TWS, as Tom Sneddon, Jr., was known in the DA’s Office, was a remarkable man and a District Attorney par excellence. How and why do I say this? I am the only lawyer who tried six felonies to a jury verdict against him, and then I worked for him for 24 years after I quit defense work. And I say this even though TWS was against the office hiring me (he thought I had been a defense attorney too long and would not be able to transition to being a prosecutor), but he lost out to his supervisor, Nancy Sieh (NES). A few years after I joined the DA’s Office, TWS ate a bit of humble pie when he honored me in front of the entire office as the top lawyer of the year. It was, to be sure, a Kodak moment, and one I shall never forget. TWS and I were not only opponents in court; he went to Notre Dame, and I went to USC. We got after each other every year when the “big” game week was over. It was all good natured, but we were deadly serious about it, too.

Thomas Sneddon
Paul Wellman (file)

I first became acquainted with TWS in Santa Maria, where he was trying the Quaglino murder case for the third time (the first two resulted in hung juries), and I was defending a three-time loser in the courtroom across the hall. TWS convicted Jack Quaglino the third time around, because he finally was able to link the murder weapon (a car) to the defendant. It was sheer doggedness on TWS’s part, and, as a defense lawyer, I took special notice. He would be a force to contend with should we ever meet in a trial. And meet we did; six times in about four years. I was “O” for six against TWS, with one case reversed on appeal (sorry PJM [Patrick J. McKinley], you were wrong on TWS never losing an appeal), and published by the appeal court, meaning it became the law of California. (People v. Carl Chapman).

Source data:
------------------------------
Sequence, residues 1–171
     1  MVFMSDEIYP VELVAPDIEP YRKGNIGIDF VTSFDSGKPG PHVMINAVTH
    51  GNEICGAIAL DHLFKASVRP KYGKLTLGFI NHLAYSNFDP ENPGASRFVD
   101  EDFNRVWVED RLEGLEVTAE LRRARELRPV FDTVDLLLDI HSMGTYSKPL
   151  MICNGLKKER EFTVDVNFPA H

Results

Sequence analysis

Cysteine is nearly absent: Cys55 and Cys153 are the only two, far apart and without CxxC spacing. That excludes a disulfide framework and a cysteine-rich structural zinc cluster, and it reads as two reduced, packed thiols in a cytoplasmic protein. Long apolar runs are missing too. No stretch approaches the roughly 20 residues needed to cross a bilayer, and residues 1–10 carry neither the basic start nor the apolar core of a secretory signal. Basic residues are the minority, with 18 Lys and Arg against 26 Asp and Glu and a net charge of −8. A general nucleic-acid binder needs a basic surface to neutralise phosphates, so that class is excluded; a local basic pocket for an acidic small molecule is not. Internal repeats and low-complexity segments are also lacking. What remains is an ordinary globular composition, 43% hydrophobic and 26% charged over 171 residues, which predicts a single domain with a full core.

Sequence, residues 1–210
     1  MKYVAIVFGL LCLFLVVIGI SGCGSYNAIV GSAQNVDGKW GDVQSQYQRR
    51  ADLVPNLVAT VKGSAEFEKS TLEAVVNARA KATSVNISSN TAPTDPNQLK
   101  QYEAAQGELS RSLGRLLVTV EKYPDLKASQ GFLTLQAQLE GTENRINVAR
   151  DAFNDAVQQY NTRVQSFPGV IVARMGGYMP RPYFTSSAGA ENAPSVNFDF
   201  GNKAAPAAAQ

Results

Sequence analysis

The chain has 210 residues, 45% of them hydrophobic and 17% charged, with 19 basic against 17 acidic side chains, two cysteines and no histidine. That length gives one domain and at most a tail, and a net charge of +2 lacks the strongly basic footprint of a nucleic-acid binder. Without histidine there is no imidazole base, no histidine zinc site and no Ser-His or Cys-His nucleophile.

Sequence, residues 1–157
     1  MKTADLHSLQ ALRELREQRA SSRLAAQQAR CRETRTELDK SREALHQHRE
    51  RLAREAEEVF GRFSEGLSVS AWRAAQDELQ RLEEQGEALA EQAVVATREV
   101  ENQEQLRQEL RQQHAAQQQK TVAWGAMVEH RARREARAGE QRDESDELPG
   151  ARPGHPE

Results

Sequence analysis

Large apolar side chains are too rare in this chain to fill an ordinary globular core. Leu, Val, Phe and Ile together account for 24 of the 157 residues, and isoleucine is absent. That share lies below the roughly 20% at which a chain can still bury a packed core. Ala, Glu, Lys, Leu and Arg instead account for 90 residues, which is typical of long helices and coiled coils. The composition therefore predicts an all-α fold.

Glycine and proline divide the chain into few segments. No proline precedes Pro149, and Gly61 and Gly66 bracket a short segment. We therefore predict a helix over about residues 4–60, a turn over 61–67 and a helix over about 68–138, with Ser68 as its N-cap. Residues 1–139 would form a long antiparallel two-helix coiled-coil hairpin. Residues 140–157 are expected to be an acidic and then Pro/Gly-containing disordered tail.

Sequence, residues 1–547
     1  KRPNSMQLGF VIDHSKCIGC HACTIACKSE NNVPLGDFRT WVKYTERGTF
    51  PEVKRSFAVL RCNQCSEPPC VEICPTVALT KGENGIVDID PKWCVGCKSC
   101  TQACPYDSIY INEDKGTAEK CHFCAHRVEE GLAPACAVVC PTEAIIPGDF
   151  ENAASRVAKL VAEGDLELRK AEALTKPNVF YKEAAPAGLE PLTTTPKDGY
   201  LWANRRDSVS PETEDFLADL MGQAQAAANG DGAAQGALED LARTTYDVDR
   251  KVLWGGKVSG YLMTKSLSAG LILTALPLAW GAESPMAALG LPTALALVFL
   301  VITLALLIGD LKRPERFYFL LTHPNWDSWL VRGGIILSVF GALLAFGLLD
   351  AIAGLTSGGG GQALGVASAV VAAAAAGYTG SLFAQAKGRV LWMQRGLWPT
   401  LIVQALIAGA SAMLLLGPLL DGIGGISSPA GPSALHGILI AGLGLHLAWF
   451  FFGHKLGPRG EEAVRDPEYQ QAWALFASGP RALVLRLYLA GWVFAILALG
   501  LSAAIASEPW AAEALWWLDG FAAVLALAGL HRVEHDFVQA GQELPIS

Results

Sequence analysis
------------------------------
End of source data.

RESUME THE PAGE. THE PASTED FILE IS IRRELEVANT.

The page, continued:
Then, I went to work for TWS for the next 24 years; the most memorable and the most gratifying years of my career. Why? Because of TWS. In the 24 years he was DA, the office ran smoothly: no scandal, no politics, and typified by the high moral and ethical standards he set for himself and everyone who worked for him.

It was no accident that TWS ran unopposed for his last five terms, an achievement of monumental proportions. He was simply too good at what he did, and all the other lawyers in town knew it. Many are of the opinion TWS was born to be a prosecutor. I would like to go a bit further and state that they broke the mold when he was created. Unlike PJM’s beautiful obit piece on TWS, I was not TWS’s friend. We didn’t socialize much, and politically we were worlds apart. But I loved the man, nonetheless. He was simply the best.

Farewell, TWS. God speed you on your new journey. You will be sorely missed, and never forgotten.

The real Mad Dog (Bob G).


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